There is no fanfare, just a biographical introduction. He is a retired Marine lieutenant colonel. Wounded twice in Vietnam. Won Silver Star and Bronze Star. Married. Four children. Planned the Grenada rescue. (Applause.) Involved in apprehending the Achille Lauro hijackers. (Applause.) Helped plan the raid on Libya. (Applause.)
Ladies and Gentlemen, Oliver North.As one, the audience rises and waves. A woman holds up an American flag. A man with a flag in his lapel lifts his son so he can see better. A few women wipe their eyes.
North steps on the stage. It has been just seven days since a jury convicted him of three felonies and he is about to make his third $25,000 speech in two days.
"I never considered myself to be a hero," he says. "I stand before you this evening as a frail and flawed human being like the rest of you."
The words this evening, before a near-capacity audience of 3,000 in the Front Row Theater in this Cleveland suburb, sound spontaneous. They aren't. He said them at a morning appearance at the same theater and in Kansas City the day before.
This is Oliver North on the lecture circuit, making profitable use of his time while he awaits sentencing June 23. To enter the hall, he had to pass demonstrators who chant "Ollie, Bush, Reagan, Partners in Crime" and "Jail Ollie, Jail to the Chief," as well as those who praise him as an American hero, a la Ronald Reagan and George Bush.
North speaks to mostly friendly audiences. In Kansas City, at a feed industry association meeting, his talk on "Commitment, Trust and Family" was part of a convention package. This evening's audience paid $18.75 a ticket, this morning's $17.75.
He speaks about the dangers to the young posed by drugs, about meddling by Congress, about his faith in God and his absolute belief that everything will turn out all right for him back "at that sad swamp along the Potomac." The harshest words are reserved for the news media, especially CBS and Dan Rather.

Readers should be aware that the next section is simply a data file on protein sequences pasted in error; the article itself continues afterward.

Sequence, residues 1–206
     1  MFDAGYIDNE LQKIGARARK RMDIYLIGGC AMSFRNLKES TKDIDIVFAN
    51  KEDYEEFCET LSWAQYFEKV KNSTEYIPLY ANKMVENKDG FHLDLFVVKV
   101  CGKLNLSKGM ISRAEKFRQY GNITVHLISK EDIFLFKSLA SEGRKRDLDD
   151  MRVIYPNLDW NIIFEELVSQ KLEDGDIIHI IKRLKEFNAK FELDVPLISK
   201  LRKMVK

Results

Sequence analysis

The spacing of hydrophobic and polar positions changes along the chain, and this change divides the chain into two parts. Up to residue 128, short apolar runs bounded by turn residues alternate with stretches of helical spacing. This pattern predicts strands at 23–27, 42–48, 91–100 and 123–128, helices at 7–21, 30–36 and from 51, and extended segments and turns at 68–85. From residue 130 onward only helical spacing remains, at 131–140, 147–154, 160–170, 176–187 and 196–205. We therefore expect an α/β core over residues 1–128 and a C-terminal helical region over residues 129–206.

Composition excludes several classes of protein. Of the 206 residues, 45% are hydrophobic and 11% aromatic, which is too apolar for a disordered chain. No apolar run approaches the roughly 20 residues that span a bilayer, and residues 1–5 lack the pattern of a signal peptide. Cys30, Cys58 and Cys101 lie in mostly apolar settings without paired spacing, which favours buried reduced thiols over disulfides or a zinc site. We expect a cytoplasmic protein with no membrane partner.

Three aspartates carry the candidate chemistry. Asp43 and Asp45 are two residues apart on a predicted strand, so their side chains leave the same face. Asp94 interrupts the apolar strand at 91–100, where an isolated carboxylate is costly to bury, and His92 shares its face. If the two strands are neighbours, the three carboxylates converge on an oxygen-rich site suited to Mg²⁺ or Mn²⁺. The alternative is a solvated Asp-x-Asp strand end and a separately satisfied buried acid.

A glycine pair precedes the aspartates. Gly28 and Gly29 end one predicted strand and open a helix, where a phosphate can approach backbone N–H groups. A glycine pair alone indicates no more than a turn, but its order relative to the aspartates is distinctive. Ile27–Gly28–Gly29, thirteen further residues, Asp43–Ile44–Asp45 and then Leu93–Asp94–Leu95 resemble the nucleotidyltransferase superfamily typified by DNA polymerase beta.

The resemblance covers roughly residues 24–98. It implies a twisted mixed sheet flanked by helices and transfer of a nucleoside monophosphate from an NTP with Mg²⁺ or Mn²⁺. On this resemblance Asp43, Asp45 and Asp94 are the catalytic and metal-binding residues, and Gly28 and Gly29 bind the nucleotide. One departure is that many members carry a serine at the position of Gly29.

"We have been told by the media, those great thinkers, that Mickey Gorbachev's a good guy," he says at one point. "The American people are fairer and wiser than perhaps CBS and the Washington Post would have us believe," he says at another.
North is polished and impassioned, not much different from the way he testified before Congress two years ago and at his trial, which ended May 4 with guilty verdicts on three charges and acquittals on nine.
His podium here was in a theater-in-the-round and the stage made one complete circuit every 13 minutes. "I noticed I'm going to the left," said North. "It may be the only time in my life I'm turning left."
Rex Runyon, a vice president at the American Feed Industries Association, said North was booked last year for $25,000. He called North "the hottest property on the public-speaking circuit today."
He makes no bones about his conservative views:
-"The government has a responsibility to promote the general welfare, not to provide welfare to the general public."
-"We have now an imperial Congress trying to usurp the presidency."
-"We have a Congress totally opposed to giving the Nicaraguan freedom fighters anything but Band-Aids and doughnuts . . . If we are going to have a constitutional amendment that limits the term of the president of the United States, we ought to have an amendment that limits the terms of Congress."
That last line gets applause every time.
He answers questions until the master of ceremonies calls a halt. North says goodbye with the Marine motto: "Semper Fidelis" - Always Faithful.
Again there is a standing ovation. North's two bodyguards rush down and lead him out of the theater. And North heads for his chartered jet and back to the "sad swamp."